There are, to be sure, many potential arguments against increasing the number of House members, including the possibility that 1000 is simply too unwieldy a size to manage. At the time of the founding, James Madison cautioned against too small or too large a legislative body: "Sixty or seventy men [in the legislature] may be more properly trusted with a given degree of power than six or seven. But it does not follow that six or seven hundred would be proportionably a better depositary. And if we carry on the supposition to six or seven thousand, the whole reasoning ought to be reversed."

Partisan Possibilities Complicate Things

Finally, of course, many persons might object to increasing the size of the House because such a move might have partisan implications. Interestingly, Sabato says that reducing the size of Congressional districts is an idea championed by conservatives, rather than liberals. Sabato explains that conservatives, such as commentator George Will, who want to expand the size of the House believe that the influence and resources of most individual members would be accordingly diminished. And that may shift power to other places conservatives generally prefer, such as, perhaps, to the White House.

But backers of increasing the size of the House must also be aware of the implications such a move might have for the so-called electoral college, whose formula allocates to each state a number of electors equal to the number of House members and Senators from that state.

As I have mentioned in an earlier column, if Congress had increased the size of the House since 1941 to keep pace with population growth and maintain the same ratio that existed in that year, the House today would have 830 members. And the "new" seats would have been allocated to the states whose population would warrant them. And in that hypothetical scenario, Al Gore would have won the electoral college vote in 2000 by a significant margin of 471 to 463 (the overall electoral college would have 934 votes - 830 to reflect the size of the House, 100 to reflect the size of the Senate, and 4 to reflect the size of DC.)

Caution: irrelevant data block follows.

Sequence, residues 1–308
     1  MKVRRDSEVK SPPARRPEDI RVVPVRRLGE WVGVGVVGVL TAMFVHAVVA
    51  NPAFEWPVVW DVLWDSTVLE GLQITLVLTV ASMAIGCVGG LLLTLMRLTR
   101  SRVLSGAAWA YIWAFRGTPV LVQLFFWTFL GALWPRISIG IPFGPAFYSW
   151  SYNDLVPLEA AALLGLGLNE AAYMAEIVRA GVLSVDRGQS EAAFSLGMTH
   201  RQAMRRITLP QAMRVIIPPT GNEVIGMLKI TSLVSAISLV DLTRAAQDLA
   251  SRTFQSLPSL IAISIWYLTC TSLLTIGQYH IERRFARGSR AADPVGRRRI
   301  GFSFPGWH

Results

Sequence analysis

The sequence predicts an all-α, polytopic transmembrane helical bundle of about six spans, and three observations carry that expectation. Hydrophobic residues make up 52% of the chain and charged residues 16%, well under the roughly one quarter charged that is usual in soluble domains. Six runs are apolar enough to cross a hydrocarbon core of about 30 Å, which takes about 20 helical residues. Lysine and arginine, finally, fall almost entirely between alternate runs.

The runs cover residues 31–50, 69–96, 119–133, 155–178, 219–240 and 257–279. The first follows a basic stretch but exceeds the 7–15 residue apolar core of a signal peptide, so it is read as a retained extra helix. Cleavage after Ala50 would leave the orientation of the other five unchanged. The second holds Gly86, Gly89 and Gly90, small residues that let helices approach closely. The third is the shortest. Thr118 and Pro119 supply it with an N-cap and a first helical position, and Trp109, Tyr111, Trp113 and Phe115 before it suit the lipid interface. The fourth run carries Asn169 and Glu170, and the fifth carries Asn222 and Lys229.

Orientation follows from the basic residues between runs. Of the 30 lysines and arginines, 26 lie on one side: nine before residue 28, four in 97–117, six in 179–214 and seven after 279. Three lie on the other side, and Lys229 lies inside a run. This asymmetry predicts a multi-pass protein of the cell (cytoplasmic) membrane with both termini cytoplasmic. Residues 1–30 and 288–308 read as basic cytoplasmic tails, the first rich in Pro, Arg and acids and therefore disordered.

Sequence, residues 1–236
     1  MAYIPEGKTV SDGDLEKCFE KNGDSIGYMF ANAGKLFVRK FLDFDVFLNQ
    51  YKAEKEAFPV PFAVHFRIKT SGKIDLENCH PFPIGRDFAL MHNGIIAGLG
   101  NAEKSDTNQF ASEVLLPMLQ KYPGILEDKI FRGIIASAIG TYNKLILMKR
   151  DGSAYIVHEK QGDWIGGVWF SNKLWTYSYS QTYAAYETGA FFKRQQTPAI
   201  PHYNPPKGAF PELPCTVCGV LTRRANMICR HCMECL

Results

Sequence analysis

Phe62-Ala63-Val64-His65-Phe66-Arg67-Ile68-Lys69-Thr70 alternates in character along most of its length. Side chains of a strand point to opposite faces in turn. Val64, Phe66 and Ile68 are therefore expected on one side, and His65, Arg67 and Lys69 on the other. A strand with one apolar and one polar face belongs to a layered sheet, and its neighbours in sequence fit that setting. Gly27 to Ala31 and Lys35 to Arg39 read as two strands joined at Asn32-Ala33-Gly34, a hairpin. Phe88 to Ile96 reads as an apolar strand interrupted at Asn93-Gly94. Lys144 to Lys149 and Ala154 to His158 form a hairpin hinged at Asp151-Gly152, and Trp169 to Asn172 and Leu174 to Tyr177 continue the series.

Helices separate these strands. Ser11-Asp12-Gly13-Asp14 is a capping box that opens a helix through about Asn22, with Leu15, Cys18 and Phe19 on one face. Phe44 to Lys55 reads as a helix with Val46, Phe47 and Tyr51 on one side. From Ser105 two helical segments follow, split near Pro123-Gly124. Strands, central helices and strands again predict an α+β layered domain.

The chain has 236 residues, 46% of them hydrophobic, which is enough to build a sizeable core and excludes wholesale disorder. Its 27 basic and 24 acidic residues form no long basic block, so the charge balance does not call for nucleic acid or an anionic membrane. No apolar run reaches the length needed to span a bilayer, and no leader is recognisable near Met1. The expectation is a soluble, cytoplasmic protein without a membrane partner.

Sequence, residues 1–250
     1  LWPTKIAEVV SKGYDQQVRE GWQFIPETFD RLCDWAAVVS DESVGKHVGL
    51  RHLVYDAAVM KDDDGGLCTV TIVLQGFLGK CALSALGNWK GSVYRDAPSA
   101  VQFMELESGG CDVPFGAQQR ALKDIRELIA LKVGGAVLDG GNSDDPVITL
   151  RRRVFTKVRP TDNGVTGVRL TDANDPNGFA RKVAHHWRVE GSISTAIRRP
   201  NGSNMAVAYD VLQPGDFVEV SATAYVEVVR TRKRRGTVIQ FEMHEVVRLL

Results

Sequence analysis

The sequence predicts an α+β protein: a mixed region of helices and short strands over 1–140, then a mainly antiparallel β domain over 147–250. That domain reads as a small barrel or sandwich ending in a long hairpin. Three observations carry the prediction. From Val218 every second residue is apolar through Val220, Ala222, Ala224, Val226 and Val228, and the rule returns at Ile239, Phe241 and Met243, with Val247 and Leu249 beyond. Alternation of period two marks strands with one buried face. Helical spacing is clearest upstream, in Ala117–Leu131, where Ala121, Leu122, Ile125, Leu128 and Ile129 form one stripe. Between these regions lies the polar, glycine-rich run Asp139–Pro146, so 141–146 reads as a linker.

If the House were increased even more, to the 1000 Sabato wants, the balance might tip back in favor of Red states and the Republican candidate. So increasing the size of the House can have, at this moment in history at least, knowable implications for the partisan battle for the White House.

Surely that aspect makes any reform efforts more complex and unlikely, as long as the electoral college persists in its current structure. (To his credit, however, Professor Sabato wants to democratize the electoral college at the same time he wants to tinker with the House.)

Vikram David Amar is a professor of law at the University of California, Davis School of Law. He is a 1988 graduate of the Yale Law School, and a former clerk to Justice Harry Blackmun. He is a co-author, along with William Cohen and Jonathan Varat, of a major constitutional law casebook, and a co-author of several volumes of the Wright & Miller treatise on federal practice and procedure. Before teaching, Professor Amar spent a few years at the firm of Gibson, Dunn & Crutcher.

Was this helpful?

Copied to clipboard